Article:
'Machine Learning' Tool May Predict Dementia Development Up to 10 Years Later

Deborah Brauser

December 21, 2016

A novel late-life dementia-prediction model, known as the Disease State Index (DSI), may help identify risk for the disorder up to a decade later, new research suggests.

The DSI is a validated and supervised risk assessment tool that uses "machine learning" methods to analyze large amounts of health information.

"We were very happy to see how well this tool performed in predicting dementia," senior author Alina Solomon, MD, PhD, Department of Neurology at the University of Eastern Finland in Kuopio, told Medscape Medical News.

Dr Alina Solomon

"There are other available tools. But what we saw with the one we created was in the upper range of their performance results. So it did very well."

She stressed, however, that the DSI shouldn't be used to diagnose dementia but to help in making decisions and developing strategies for dementia prevention.

The findings were published online December 6 in the Journal of Alzheimer's Disease.

Big-Data Artificial Intelligence

The investigators explained in a release that machine learning is the process of using several methods to teach computers to make improved predictions. This type of big-data artificial intelligence is "just starting to be used in the context of dementia prevention," they add.

"Compared to previously used methods for developing dementia risk scores, the main strengths of DSI are its ability to deal with larger amounts of heterogeneous data, to handle missing data well, and to use unprocessed data," write the researchers, adding that the DSI hasn't been investigated before in a cognitively unimpaired general population.

Interestingly, DSI is partnered with the Disease State Fingerprint method to present findings "in an easily and quickly interpretable visual form."

"We have worked before with more simple predictor tools, such as a pen-and-paper test. But we wanted a tool that could handle more complex data," said Dr Solomon.

The original Cardiovascular Risk Factors, Aging, and Dementia (CAIDE) study included 1449 participants aged 65 to 79 years and was conducted in Eastern Finland. A wide assortment of measures were conducted at both follow-up visits, including MRI, blood tests, and neuropsychological assessments.

The investigators included 709 participants from the CAIDE study who were classified as cognitively normal at first study visit and who completed a second re-examination up to 10 years later.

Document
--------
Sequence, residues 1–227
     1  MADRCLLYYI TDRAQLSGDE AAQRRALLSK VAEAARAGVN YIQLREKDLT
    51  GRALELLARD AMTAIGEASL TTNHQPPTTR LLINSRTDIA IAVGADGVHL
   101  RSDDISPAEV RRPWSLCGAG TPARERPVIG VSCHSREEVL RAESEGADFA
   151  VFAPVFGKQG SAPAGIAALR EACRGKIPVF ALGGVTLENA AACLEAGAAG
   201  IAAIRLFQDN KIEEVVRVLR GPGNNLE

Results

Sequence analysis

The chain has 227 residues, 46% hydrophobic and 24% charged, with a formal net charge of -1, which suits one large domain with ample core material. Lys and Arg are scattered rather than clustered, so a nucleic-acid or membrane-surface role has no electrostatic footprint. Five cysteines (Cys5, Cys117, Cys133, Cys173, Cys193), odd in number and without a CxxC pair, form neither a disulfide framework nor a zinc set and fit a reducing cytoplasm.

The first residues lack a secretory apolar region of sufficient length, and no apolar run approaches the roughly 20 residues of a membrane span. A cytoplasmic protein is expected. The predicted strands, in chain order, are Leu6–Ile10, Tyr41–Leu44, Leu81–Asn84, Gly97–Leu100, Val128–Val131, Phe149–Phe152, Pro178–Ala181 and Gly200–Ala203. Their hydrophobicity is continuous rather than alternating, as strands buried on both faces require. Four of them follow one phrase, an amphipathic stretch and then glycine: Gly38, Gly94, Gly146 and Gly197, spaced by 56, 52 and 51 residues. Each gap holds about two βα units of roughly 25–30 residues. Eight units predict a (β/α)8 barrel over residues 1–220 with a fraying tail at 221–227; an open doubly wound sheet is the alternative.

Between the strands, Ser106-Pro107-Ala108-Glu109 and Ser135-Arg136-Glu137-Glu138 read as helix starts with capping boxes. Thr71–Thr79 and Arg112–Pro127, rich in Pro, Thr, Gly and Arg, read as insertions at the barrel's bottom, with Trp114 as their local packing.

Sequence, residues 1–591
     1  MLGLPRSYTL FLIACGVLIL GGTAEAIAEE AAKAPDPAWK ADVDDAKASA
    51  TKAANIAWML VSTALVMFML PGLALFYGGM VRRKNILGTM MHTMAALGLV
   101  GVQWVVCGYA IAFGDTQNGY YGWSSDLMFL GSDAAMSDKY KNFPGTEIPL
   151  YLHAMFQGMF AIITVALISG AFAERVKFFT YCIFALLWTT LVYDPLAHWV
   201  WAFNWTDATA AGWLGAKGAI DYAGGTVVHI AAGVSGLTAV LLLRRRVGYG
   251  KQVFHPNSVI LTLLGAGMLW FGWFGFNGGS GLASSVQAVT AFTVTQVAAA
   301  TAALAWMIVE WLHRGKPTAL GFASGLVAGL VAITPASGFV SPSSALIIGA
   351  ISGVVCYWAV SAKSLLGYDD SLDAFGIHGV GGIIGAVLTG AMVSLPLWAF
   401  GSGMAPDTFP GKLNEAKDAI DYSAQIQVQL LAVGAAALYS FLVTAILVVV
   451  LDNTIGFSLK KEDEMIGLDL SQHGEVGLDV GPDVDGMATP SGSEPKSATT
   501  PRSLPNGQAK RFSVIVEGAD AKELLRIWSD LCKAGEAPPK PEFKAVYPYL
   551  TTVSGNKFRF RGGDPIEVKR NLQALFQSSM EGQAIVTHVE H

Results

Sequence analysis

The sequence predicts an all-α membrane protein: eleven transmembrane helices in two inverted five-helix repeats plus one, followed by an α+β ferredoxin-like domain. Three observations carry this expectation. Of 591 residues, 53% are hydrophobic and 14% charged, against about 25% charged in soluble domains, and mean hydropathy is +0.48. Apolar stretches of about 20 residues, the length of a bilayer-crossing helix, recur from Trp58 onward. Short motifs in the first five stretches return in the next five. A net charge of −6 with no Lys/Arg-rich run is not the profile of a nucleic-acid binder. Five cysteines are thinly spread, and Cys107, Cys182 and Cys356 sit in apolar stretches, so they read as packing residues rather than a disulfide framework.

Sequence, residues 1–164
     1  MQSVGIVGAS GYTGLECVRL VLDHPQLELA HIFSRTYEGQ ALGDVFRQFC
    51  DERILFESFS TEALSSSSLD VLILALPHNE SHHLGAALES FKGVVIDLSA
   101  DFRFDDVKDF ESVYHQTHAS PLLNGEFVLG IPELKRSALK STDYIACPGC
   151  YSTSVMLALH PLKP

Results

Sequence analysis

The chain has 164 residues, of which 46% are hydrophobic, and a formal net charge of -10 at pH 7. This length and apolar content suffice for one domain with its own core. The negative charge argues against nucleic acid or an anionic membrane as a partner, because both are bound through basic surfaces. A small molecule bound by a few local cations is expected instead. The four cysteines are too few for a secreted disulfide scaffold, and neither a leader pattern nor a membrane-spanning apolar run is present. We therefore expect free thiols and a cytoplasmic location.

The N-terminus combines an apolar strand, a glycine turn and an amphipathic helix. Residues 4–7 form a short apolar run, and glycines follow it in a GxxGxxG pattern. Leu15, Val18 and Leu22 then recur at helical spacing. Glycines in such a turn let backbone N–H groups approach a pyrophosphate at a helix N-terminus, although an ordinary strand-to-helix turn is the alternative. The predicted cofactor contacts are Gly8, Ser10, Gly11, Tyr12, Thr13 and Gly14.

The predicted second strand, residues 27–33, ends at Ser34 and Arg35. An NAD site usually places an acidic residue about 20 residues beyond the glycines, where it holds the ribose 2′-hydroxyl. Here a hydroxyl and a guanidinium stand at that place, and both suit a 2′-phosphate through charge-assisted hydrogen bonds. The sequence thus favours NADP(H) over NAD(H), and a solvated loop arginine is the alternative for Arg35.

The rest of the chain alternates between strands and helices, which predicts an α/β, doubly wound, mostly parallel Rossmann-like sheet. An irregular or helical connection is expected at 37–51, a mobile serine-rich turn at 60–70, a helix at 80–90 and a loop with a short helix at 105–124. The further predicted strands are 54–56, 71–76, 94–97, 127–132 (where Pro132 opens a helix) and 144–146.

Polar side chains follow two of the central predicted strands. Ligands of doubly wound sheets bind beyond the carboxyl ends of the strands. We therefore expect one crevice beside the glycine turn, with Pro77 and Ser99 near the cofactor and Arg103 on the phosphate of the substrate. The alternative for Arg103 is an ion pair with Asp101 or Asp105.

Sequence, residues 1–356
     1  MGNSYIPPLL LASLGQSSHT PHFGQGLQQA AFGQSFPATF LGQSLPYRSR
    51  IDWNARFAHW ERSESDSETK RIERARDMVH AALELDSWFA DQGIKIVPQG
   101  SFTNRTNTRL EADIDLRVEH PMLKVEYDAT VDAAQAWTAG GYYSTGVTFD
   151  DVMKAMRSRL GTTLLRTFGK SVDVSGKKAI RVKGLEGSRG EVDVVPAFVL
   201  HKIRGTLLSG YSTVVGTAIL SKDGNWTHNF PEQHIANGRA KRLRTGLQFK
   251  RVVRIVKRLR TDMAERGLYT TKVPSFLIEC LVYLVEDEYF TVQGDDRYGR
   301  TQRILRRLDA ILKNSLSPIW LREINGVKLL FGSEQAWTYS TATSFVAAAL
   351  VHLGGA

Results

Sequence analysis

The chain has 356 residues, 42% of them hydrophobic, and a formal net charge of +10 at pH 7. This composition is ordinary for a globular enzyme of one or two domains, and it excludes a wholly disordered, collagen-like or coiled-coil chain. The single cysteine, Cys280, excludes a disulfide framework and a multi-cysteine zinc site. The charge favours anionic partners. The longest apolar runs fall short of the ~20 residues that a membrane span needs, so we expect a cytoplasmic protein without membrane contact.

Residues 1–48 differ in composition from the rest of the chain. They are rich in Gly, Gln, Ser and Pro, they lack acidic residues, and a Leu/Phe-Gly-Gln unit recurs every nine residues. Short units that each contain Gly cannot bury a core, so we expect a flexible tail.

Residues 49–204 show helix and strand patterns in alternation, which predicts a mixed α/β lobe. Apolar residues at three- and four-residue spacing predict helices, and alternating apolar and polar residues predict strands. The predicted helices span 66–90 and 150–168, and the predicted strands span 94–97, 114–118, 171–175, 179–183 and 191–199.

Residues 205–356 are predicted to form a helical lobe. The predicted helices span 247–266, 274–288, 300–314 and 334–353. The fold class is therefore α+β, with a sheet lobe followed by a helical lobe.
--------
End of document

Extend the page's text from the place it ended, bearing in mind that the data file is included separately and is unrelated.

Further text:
Validated Results

For the current analysis, the first late-life follow-up was considered to be "baseline." Among the participants who had no dementia or mild cognitive impairment at this baseline, 39 had incident dementia at the second re-examination.

The composite DSI, which included cognitive and vascular factors, subjective memory status, and APOE genotype, showed a significant area under the curve (AUC) of 0.79 — with a very narrow 95% confidence interval (CI; 0.79 - 0.80).

The investigators also examined general population records for 1009 individuals from the Finnish Hospital Discharge Register, the Drug Reimbursement Register, and the Causes of Death Register.

Among these participants, 151 had dementia after a mean follow-up of 9.0 years. The composite DSI AUC for this extended population was also significant (0.75; 95% CI, 0.74 - 0.75).

"Results were validated by comparison with a [support vector machine] classification, trained with a linear kernel using the same set of factors and cross-validation procedure," report the researchers.

Table. Other Significant Factors in the DSI

Variables CAIDE Study Population: AUC (95% CI) Extended Study Population: AUC (95% CI)
Basic model    
  Cognition 0.73 (0.73 - 0.74) 0.69 (0.69 - 0.70)
  Sociodemographics 0.67 (0.65 - 0.68) 0.66 (0.66 - 0.67)
  Vascular factors 0.65 (0.64 - 0.66) 0.53 (0.52 - 0.53)
  Subjective memory 0.64 (0.63 - 0.66) 0.58 (0.57 - 0.58)
  APOE genotype 0.59 (0.58 - 0.60) 0.60 (0.59 - 0.61)
Basic model + vascular factor changes    
  Composite DSI 0.80 (0.79 - 0.81) 0.78 (0.77 - 0.79)
  Vascular factors (such as body mass index change) 0.68 (0.66 - 0.69) 0.65 (0.64 - 0.66)

 

"The detailed and visually easy to interpret individual risk profiles" could possibly help in the design of future dementia prevention interventions, write the investigators.

In the release, Dr Solomon noted that the DSI was created to support clinical decision making, "and we are very keen on exploring its potential practical use."

"However, we still need to validate it in other non-Finnish populations and see if it works in other age groups or if it can monitor risk level over time," she added to Medscape Medical News.

"This is just one tool in the prediction toolbox. I think we need a range of tools — from the simple to the more complex ones," said Dr Solomon. "And I think we need to figure out how to link the prediction with the prevention so we can more likely identify people who are most likely to benefit from an intervention."

The study was funded by the European Union (EU) 7th Framework Program, the MIND-AD Academy of Finland and Swedish Research Council through the EU Joint Program-Neurodegenerative Disease Research, the Center for Innovative Medicine in Sweden, Alzheimerfonden Sweden, the AXA Research Fund, and grants from the Academy of Finland. Dr Solomon has disclosed no relevant financial relationships. Disclosures for the coauthors are posted in supplemental material on the journal's website.

J Alzheimers Dis. Published online December 6, 2016. Full article

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